Causal Rewrite-muggastackz

Applying Pressure

In the world today, society links everything together to receive satisfaction regardless if it is negative or positive. There will always be a crime in the world, but there are ways to help to reduce the amount of crime happening and to reduce the crime rate. Communities are in fearful trouble because crime gradually gets worse each day and they want things to go back to normal. Crime and crime rate comes with many questions and analysis that leave members of society puzzled. If there is a failure to reporting the crime, will crime get worst? Is social media and technology helping create more crime? Can police help reduce the amount of crime?

Failure to report crimes will lead to more crime. Society is fearful for what is going to happen next if they tell the police or people in the neighborhood. People in each community knows what is going on in the area, but they are nervous that they will be the next victim. People in urban areas will be called names like a ‘snitch’ if they told the police what they saw or heard. People in the community who are aware of the crime is only making their community better. When a crime isn’t reported, this will continue to grow in areas and will continue to get worst yearly. Most crime goes unreported in some urban areas. People in the community feel that not reporting the crime rate will help the situation when in reality, everything is getting worse. More crimes will continue to happen if they aren’t reported to the police because the community will be afraid that they will be the next victims of the future crime committed. Reported crimes are what makes statistics go down each year.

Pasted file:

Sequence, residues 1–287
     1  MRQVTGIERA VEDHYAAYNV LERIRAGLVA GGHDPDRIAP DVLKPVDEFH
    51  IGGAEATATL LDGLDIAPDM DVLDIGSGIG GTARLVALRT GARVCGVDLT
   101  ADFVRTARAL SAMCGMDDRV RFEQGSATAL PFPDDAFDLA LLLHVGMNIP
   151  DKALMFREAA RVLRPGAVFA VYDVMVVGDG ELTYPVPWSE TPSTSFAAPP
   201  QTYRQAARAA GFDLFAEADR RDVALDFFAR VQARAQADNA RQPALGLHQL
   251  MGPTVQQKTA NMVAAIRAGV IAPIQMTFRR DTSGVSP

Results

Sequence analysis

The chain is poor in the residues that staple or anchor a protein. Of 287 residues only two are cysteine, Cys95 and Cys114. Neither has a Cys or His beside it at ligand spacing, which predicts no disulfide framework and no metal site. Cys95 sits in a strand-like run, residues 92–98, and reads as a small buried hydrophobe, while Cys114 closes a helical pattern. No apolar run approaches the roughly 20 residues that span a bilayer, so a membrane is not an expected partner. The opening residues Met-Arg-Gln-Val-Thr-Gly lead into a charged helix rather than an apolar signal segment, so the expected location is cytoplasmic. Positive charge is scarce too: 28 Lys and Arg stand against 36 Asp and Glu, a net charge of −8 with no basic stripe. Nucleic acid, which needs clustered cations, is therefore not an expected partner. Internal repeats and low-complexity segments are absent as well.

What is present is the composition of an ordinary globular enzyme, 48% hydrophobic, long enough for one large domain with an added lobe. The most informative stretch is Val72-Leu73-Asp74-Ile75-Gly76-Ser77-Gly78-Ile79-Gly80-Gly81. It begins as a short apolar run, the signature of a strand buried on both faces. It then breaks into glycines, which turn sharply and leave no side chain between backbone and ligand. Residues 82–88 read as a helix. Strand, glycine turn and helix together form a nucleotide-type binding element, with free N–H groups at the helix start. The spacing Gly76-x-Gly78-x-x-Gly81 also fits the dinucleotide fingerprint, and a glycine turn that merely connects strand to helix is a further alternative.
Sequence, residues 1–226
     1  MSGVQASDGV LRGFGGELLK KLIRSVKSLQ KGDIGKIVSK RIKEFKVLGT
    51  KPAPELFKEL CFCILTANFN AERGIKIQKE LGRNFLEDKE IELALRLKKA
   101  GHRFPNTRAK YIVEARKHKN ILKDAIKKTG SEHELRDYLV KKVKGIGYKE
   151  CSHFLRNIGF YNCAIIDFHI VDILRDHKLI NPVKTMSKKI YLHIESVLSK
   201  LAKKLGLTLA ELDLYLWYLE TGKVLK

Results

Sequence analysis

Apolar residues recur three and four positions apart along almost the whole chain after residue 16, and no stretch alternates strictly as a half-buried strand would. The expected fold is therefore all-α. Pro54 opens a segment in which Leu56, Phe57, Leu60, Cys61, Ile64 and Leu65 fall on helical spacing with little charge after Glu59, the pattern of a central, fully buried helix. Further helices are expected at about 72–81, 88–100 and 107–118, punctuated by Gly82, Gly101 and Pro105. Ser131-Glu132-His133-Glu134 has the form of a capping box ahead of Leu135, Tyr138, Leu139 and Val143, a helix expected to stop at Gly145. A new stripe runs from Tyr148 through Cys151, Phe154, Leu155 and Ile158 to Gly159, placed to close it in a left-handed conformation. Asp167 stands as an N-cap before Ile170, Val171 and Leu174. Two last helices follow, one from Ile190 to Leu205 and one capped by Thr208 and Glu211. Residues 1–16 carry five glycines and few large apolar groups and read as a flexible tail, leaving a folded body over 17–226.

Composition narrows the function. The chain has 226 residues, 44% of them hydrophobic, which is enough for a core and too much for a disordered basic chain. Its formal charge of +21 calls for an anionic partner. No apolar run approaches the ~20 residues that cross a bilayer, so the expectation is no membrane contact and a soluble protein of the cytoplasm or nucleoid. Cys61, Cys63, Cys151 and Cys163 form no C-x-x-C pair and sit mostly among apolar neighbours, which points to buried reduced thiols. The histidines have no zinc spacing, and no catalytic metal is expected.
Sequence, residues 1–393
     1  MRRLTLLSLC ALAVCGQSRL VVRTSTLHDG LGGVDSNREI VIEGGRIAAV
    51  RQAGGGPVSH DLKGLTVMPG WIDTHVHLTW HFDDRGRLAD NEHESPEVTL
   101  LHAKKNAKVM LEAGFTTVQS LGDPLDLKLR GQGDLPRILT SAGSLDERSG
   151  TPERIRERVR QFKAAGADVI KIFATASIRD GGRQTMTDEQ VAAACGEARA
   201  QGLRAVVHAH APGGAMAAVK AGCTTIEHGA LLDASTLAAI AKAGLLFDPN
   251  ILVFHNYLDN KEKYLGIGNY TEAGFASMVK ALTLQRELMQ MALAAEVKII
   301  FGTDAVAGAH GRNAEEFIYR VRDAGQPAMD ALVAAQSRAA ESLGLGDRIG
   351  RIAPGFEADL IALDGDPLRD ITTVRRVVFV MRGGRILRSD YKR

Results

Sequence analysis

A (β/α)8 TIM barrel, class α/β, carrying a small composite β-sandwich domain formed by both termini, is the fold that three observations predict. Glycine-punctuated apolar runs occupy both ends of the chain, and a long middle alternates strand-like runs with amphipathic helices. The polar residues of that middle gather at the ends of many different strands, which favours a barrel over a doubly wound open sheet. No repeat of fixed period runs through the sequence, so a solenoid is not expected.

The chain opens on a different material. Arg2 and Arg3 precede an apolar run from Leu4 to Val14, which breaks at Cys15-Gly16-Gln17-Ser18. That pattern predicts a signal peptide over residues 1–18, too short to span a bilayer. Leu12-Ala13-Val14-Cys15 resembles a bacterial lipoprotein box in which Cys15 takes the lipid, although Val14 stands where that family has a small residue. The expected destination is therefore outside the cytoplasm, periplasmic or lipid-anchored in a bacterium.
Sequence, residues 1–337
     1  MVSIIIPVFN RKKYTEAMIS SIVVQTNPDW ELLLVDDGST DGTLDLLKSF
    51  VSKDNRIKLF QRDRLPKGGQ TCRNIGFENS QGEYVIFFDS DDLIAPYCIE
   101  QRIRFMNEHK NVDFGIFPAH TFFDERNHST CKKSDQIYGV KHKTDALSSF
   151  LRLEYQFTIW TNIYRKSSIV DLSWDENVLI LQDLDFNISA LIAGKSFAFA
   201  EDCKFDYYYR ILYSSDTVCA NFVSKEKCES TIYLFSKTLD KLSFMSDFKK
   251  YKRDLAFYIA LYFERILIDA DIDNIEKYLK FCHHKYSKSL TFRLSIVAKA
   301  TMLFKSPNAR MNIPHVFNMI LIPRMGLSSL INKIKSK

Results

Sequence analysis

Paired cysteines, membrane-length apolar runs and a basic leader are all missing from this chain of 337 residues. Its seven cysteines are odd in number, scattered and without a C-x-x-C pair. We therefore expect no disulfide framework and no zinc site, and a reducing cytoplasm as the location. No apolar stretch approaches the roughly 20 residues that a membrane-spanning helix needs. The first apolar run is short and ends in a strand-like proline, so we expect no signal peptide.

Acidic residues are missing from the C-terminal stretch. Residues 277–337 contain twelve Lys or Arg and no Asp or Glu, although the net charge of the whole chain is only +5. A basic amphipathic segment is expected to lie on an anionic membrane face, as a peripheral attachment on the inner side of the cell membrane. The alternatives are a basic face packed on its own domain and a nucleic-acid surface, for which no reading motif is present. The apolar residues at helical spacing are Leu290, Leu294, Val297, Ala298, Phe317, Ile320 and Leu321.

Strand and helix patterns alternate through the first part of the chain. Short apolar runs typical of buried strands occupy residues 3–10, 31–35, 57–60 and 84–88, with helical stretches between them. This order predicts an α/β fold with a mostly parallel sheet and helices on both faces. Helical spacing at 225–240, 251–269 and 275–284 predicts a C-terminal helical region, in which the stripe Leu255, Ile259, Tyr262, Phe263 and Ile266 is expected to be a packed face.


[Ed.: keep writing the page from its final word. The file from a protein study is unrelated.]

Steven Donziger writes, “The National Crime Victimization Survey, begun in 1973, is administered by the US Census Bureau. Approximately 40,000 households to determine how many people were victimized by one of seven crimes in the past year. The crimes recorded are rape, robbery, assault, personal theft, household theft, burglary, and motor vehicle theft.” Victims of crime will continue to feel that they are victims. According to John Gramlich, a researcher for Pew Research Center finds “In 2016, only 42% of the violent crime tracked by BJS was reported; And in the much more common category of property crime, only about a third (36%) were reported.” Society feels that nothing will happen if they report a crime. The more crime is reported, people in communities can feel safe knowing that a person has been found.

Everyone in the world uses social media, whether it is used to keep in touch with family, being updated with daily news or worldly events, or to show photos dealing with personal life. Children of today use social media and technology more than adults do. The press creates more crime daily; police brutality, discrimination, self-defense, etc. Brittni Brown, writer for International Policy Digest, states “In listening to and reading all of these reports about police and crime in the media, it is not hard to conclude that crime is on the rise everywhere and that the United States is no longer a safe place and allowing children to play in the front yard is risky.” Everything that deals with a crime is being plastered in the media to make a situation bigger. Media can be useful to keep people update, and it can also be harmful because jumping to conclusions can create a war that effects everyone.